In an attempt to have the charge thrown out, 3rd District Judge Stephen Henroid ruled that it didn't matter that Gallegos showed up at the meeting site and that the crime was completed over the Internet.During oral arguments Wednesday, justices differed as to whether Gallegos' conversation could convict him.Taliaferro argued that on the Internet people pose as someone they are not all of the time and that it is difficult to tell who you are actually chatting with.
The trial court ruled the testimony was not relevant.
Justices said if the state sets out to prove someone's intent then perhaps a defendant should be allowed to challenge that with expert testimony.
He said he was "troubled" by the law and concerned about its constitutionality.
In this case, Wilkins said it appeared all the state needed to do to convict someone was to go online, set up a meeting for sex and that is enough.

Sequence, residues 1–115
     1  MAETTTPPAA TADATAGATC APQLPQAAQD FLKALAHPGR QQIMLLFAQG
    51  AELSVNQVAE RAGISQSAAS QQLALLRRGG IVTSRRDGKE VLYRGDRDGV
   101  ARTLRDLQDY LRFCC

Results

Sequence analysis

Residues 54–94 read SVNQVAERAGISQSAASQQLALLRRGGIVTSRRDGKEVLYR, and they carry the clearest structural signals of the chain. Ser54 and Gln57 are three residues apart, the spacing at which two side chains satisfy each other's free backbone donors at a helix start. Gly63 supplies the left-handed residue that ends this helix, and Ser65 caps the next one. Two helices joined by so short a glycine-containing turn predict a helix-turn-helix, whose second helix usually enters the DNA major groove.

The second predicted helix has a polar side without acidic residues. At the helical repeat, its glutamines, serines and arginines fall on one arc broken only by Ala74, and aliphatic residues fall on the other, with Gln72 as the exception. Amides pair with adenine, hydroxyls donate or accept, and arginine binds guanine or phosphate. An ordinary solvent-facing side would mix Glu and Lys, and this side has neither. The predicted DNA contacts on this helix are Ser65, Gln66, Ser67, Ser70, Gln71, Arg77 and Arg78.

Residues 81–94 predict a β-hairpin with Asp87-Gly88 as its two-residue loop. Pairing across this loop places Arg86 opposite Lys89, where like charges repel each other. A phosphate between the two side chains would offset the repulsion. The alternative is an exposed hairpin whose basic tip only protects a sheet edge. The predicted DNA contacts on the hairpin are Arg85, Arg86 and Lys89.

Ultimately, the agent and Gallegos arranged a meeting outside a school in Sandy.
While Gallegos did drive by the meeting spot, officers said he sped off.
Taliaferro said in her client's case, he was convicted based solely on an Internet chat he claims was purely sexual fantasy.
James Gallegos, of Clearfield, was charged and convicted by a jury of enticing a 13-year-old girl over the Internet. In actuality, the 13-year-old was an adult agent with the Utah Attorney General's Internet Crimes Against Children task force.
After tracking his license plate number, Gallegos turned himself in.
Gallegos claims he had never believed the person he was chatting with was a minor.
"He definitely did more than just chat," said Chief Justice Christine Durham.